Founded in 1939 PMA set out to create an alternative to the high prices and predatory sales practices of the funeral industry. Their goal is to make affordable funeral services that honor the deceased’s social and spiritual values accessible to all.

Caregivers

I nurture and nourish the people around me by creating and sustaining a community of care, joy, and connection.

Providers of support, wisdom, and care, these death caregivers help to cultivate a community that is continuously striving to learn more and do better—together.

  • A Sacred Passing
    This inspiring community death care organization is leading the way by providing alternative death care options, services and education, while fostering community. A Sacred Passing is a prime example of the power of community death care.
  • Philly Death Doula Collective
    A collective of doulas that thoughtfully serves and supports their local and extended community through events, educational opportunities, and a popular TikTok account which provides important social, political, and cultural context to end-of-life work.

Disruptors

I take uncomfortable and risky actions to shake up the status quo, to raise awareness, and to build power.

Individuals who challenge systems of power and accepted practices and beliefs by educating the public and providing healthy alternatives to our current death and mourning practices.

  • Alternative Funeral Homes 
    Funeral homes that are disrupting the funeral industrial complex by placing death positive ideals into practice like family involvement, sustainable and affordable options, and home funerals at the forefront of their services. Some of these are Fitting Tribute Funerals in New York, the Natural Funeral Home in Colorado, and Elemental Cremation and Burial in Washington.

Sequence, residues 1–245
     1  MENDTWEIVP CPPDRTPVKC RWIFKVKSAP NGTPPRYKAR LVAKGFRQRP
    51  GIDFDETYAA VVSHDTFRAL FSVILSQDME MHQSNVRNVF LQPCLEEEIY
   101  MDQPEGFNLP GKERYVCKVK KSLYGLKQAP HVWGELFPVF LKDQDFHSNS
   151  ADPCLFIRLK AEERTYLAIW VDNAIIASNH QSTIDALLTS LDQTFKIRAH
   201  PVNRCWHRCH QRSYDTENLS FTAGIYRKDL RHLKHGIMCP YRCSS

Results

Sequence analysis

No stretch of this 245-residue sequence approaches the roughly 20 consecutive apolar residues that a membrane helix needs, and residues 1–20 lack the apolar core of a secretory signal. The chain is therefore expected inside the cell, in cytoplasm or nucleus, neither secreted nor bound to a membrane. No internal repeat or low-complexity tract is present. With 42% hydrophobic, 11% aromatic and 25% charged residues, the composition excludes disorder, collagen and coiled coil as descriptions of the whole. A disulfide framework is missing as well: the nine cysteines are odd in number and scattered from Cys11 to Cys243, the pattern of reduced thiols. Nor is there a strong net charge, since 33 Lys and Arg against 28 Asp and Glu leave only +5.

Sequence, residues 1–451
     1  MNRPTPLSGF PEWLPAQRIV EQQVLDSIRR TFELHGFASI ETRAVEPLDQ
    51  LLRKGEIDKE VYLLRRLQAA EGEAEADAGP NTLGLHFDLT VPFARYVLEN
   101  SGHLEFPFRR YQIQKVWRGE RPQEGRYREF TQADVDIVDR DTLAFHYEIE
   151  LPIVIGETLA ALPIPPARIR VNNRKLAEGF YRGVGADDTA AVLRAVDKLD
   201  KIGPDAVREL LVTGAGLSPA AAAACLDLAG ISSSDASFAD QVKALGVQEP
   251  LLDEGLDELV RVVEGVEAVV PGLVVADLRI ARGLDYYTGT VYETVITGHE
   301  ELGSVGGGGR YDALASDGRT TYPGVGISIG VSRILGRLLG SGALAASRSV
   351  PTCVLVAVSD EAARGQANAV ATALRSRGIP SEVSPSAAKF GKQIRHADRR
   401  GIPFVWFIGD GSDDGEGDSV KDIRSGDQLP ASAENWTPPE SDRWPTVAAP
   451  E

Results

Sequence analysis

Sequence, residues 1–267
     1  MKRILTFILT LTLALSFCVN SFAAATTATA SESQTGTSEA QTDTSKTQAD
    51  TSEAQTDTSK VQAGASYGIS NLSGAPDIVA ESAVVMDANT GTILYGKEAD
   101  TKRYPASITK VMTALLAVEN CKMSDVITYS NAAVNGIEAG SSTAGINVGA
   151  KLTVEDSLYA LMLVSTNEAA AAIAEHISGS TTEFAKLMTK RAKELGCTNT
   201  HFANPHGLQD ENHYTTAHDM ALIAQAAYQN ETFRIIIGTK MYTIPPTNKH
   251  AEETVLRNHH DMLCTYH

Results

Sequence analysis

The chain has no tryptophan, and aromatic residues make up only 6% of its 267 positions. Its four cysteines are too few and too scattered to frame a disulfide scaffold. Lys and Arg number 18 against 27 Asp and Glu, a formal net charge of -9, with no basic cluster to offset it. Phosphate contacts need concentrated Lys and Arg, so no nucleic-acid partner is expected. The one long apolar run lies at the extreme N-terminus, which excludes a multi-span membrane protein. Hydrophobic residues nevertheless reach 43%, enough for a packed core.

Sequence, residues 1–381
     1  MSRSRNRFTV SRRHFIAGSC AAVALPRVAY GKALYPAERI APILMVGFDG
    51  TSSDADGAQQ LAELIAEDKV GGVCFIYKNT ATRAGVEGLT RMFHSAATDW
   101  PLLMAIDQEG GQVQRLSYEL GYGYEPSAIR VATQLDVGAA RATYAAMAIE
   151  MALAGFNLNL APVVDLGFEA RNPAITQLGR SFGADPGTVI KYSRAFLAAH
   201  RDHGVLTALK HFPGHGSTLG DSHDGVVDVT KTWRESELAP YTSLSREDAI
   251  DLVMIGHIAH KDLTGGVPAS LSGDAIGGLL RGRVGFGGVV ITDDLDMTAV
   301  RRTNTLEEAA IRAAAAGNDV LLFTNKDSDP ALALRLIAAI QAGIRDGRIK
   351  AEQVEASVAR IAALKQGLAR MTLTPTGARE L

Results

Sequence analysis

• Megan Devine
    A psychotherapist and grief advocate who is challenging our perceptions and behaviors around grief; teaching us the necessary skills, and providing us with the necessary tools to create a compassionate, grief literate society.

Healers

I recognize and tend to the generational and current traumas caused by oppressive systems, institutions, policies, and practices.

People changing the end of life experience from within the system and envisioning more equitable models of care:

  • Dr. Sunita Puri
    A Los Angeles based physician and author who’s decolonizing palliative care.
  • Kimberly D. Acquaviva
    A professor whose work has helped to establish models of competent and compassionate end-of-life care for LGBTQ people in institutional settings.

Storytellers

I craft and share our community stories, cultures, experiences, histories, and possibilities through art, music, media, and movement.

People who share their own stories and experiences of death and grief through their art in an effort to help others.

  • AJ Hawkins
    Combining art and advocacy to explore the challenges of living in a mortal body.
  • devynn emory
    Uses their experiences of being a hospice nurse, dance artist, and ceremonial guide to create immersive experiences, like deadbird, which offers space to hold grief and reimagine end-of-life care.

Guides

I teach, counsel, and advise, using my gifts of well-earned discernment and wisdom.

The people who leverage their experiences, knowledge and skills to empower their communities at the end-of-life.

  • Chrystal Toop
    Creator of a death doula mentorship program for indigenous youth.
  • Bridgette Hempstead
    After being diagnosed with breast cancer only after advocating for herself through numerous systemic barriers, Hempstead founded Cierra Sisters, an African American breast cancer organization that provides life saving support and education.

Deepa Iyer, Building Movement Project. SM, © 2018 Deepa Iyer. All rights reserved. All prior licenses revoked.